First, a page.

2 Chronicles 28:16-27 – Are You A Christian Up Until It Conflicts with Culture?

Posted: October 15, 2020 in 14-2 Chronicles

2 Chronicles 28:16-27

Ahaz Closes the Temple

Opening Illustration/Comments

Do you have the faith to stand on your spiritual principles rather than compromise or be silent in the face of that which is unjust, unholy, and wrong? When I look back on history there have been those who were willing to face death rather than compromise their principles. And there have been just as many who quietly stood by as bad things happened.

First there are men like Martin Luther King, Jr. He and those like him in other struggles through history have had the God-given boldness to stand up for what is right in the face of overwhelming opposition and pressure. He started early when he was in his 20’s in Montgomery, AL. And that leadership of the bus boycotts against discriminatory practices of the bus system there pushed him into the national spotlight in the fight against racial discrimination and oppression. He could have easily walked away from the hard fight that was his daily life for over 13 years right up until the day of his assassination in 1968. He could have shied away from the titanic struggle of the civil rights movement. He was up against generations of institutionalized racial oppression in the South and against the rest of the country that wanted to stick its head in the sand about the issue. He could have just compromised and went along with the status quo of race relations in America and nothing would have ever changed. He would have had an easier and longer life if he had done so. However, he chose the harder road that God had called him toward. Though his life was cut short, his words and his actions resonate forward through the decades since. He was one of those people that you can honestly say that changed America, for the better.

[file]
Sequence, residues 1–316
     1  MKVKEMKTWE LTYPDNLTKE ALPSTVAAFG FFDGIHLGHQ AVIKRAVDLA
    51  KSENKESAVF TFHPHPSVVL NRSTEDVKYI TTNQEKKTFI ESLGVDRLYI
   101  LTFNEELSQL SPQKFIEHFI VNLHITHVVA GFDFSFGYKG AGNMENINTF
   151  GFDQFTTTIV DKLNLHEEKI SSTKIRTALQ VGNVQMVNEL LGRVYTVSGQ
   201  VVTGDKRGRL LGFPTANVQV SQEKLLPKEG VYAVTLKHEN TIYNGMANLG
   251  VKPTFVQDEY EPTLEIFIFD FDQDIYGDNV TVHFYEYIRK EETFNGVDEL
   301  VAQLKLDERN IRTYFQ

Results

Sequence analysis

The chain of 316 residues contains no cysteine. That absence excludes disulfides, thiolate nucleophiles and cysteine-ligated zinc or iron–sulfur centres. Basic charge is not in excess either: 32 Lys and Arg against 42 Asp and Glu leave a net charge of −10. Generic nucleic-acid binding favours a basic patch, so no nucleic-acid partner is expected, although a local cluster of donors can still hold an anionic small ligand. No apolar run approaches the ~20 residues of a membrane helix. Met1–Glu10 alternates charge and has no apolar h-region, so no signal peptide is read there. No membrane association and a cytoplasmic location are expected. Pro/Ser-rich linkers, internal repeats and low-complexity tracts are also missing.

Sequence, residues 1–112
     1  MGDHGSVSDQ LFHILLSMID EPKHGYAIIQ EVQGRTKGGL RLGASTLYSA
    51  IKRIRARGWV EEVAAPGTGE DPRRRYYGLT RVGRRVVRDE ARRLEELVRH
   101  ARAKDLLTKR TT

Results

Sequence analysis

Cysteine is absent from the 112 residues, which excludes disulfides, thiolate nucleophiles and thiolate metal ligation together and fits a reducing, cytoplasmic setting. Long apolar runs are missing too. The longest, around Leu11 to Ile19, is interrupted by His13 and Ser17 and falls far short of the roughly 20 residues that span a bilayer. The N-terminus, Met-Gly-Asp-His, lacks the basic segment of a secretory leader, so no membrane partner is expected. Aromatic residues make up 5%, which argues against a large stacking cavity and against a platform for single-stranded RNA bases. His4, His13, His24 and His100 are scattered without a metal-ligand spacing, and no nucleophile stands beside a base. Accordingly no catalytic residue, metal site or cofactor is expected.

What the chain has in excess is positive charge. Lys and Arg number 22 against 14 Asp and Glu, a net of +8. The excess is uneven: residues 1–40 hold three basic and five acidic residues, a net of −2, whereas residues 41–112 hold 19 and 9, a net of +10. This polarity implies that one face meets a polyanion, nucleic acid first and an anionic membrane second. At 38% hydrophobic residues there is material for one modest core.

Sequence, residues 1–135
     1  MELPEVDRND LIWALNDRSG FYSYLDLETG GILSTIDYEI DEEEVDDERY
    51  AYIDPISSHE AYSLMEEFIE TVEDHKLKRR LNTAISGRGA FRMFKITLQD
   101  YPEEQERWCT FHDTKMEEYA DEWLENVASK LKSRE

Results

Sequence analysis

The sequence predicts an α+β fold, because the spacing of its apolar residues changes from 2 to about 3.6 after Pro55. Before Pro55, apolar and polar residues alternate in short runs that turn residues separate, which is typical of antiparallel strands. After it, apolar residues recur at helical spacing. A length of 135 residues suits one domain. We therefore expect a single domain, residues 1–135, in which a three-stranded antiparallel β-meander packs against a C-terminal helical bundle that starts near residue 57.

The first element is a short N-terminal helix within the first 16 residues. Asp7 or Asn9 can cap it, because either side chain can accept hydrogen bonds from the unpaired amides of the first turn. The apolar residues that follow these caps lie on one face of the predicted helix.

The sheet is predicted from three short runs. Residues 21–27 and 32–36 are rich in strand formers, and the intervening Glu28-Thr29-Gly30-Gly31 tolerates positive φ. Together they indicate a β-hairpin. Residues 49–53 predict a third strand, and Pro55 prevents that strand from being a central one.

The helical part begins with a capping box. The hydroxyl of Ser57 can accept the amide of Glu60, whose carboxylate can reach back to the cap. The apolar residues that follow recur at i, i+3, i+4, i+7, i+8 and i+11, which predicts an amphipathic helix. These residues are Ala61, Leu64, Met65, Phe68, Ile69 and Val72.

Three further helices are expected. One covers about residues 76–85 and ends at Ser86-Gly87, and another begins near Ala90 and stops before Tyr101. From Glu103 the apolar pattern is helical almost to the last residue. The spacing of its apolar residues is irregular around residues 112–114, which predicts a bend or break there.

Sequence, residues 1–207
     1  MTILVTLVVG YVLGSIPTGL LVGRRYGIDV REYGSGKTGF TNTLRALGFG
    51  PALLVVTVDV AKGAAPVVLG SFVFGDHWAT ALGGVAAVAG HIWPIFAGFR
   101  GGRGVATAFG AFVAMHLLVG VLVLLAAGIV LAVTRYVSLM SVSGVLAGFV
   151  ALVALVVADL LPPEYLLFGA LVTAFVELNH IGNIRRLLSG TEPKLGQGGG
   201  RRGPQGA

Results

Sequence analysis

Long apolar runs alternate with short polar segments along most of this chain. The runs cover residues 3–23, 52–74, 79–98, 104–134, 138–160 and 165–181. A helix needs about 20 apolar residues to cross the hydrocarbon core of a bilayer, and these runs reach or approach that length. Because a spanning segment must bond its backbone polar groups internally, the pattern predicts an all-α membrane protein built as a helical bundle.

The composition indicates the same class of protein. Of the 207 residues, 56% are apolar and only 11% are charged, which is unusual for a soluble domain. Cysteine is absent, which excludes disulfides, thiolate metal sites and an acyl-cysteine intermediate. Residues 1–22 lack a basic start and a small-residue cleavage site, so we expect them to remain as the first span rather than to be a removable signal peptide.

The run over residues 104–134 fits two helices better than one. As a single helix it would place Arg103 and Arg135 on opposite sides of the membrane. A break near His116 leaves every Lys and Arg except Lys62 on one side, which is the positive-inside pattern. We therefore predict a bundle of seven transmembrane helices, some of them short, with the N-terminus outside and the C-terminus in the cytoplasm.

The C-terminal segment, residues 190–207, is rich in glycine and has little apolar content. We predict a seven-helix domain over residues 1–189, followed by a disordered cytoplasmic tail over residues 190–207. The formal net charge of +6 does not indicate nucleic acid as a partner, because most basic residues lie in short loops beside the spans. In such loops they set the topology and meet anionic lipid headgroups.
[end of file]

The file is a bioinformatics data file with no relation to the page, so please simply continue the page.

Then, there are those who stand quietly by as that which is wrong continues. There are those who compromise their ethics just to avoid struggles and troubles and persecution. Obviously, in the South, during the years of legalized and societal structures of racial oppression not everyone was a bigot. Sure, there were great relationships between blacks and whites in most places in the South. True and honest love for one another was surely present between the races in those days. However, even those with the most open minds about race relations knew the limits of those relationships in the apartheid culture of the South in those days. It was when a situation required a white person to go beyond those boundaries that their principles of what is right and wrong would stop for fear of retribution and social isolation that would result. There were those who would love their black brothers and sisters but only up to a point where it did not violate the unspoken, ever present, hanging over the society, rules of apartheid in the South. The same could be said of everyday German people and everyday folks in the lands that the Germans conquered in World War II. Everybody came to know that the Jews were being oppressed and rounded up and exterminated during the course of the Nazi regime. But what made it successful was the quiet acceptance of the whole thing by the German people and the people of their occupied lands. Nobody was willing to go up against the Nazi machine. Compromise of ethics. Compromise of spiritual principles of God that we know to be true. The appalling silence of the good people perpetuated both situations.

It is that idea of standing up against what is wrong or quietly compromising with it is what I thought of this morning when reading this passage, 2 Chronicles 28:16-27. Let us read through it this morning, together, with that idea in mind:

Scripture Passage